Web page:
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Q.

What is drug-induced lupus?

Related Topics: Lupus, Drug
 

Answers From Experts & Organizations (1)

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A.

Dozens of medications have been reported to trigger SLE. However, more than 90% of cases of "drug-induced lupus" occurs as a side effect of one of the following six drugs: hydralazine (Apresoline is used for high blood pressure); quinidine (Quinidine Gluconate, Quinidine Sulfate) and procainamide (Pronestyl; Procan-SR; Procanbid) are used for abnormal heart rhythms; phenytoin (Dilantin) is used for epilepsy; isoniazid ([Nydrazid, Laniazid] used for tuberculosis); and d-penicillamine (used for rheumatoid arthritis). These drugs are known to stimulate the immune system and cause SLE. Fortunately, drug-induced SLE is infrequent (accounting for less than 5% of all people with SLE) and usually resolves when the medications are discontinued.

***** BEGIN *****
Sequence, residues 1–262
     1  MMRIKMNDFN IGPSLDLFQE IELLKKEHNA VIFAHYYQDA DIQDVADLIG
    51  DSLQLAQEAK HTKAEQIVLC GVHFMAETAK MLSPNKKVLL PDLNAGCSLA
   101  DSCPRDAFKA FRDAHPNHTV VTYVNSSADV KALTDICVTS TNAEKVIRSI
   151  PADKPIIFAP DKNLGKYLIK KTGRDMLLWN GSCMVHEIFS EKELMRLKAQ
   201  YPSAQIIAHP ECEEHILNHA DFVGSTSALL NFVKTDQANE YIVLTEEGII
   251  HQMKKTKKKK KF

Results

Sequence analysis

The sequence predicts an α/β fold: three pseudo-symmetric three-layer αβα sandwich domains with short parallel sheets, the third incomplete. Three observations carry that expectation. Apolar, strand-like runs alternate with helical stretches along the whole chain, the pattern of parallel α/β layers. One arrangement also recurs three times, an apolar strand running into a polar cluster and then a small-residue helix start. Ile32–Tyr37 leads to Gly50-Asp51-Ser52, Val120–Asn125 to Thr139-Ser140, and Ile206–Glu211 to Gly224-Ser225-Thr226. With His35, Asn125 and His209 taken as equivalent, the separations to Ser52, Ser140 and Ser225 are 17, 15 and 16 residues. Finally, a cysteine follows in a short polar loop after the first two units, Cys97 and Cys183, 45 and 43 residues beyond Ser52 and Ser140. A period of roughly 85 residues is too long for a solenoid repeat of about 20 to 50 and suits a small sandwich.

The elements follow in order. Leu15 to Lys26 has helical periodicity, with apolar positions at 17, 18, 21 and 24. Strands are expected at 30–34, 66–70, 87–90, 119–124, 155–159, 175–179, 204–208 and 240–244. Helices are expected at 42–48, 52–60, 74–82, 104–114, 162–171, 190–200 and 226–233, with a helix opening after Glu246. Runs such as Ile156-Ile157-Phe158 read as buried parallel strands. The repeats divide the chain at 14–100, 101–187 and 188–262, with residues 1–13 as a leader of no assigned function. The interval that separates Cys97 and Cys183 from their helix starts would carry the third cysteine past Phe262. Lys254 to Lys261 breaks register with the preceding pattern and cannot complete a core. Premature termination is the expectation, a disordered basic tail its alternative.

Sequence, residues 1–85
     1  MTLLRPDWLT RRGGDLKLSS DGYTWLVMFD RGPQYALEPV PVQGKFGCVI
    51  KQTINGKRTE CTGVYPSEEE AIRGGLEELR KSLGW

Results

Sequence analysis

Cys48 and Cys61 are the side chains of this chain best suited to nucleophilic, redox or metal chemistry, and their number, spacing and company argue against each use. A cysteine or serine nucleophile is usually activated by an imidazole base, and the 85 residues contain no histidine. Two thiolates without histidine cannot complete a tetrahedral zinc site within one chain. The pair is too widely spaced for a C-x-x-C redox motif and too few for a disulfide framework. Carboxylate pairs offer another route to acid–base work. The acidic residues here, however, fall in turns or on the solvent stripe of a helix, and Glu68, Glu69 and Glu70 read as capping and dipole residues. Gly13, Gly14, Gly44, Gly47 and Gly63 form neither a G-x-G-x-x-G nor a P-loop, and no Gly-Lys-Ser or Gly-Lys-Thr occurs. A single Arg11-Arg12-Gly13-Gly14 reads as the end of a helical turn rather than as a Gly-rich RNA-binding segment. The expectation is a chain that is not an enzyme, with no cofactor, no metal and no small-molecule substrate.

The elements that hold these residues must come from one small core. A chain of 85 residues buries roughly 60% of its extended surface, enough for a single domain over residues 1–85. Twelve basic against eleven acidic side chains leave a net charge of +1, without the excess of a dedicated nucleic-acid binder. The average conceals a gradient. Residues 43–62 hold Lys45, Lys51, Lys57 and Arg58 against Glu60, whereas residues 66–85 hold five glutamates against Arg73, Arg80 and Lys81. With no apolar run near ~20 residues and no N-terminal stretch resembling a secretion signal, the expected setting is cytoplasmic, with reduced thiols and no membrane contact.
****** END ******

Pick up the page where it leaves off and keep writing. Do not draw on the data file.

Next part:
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Archived: March 20, 2014

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Read the Original Article: Lupus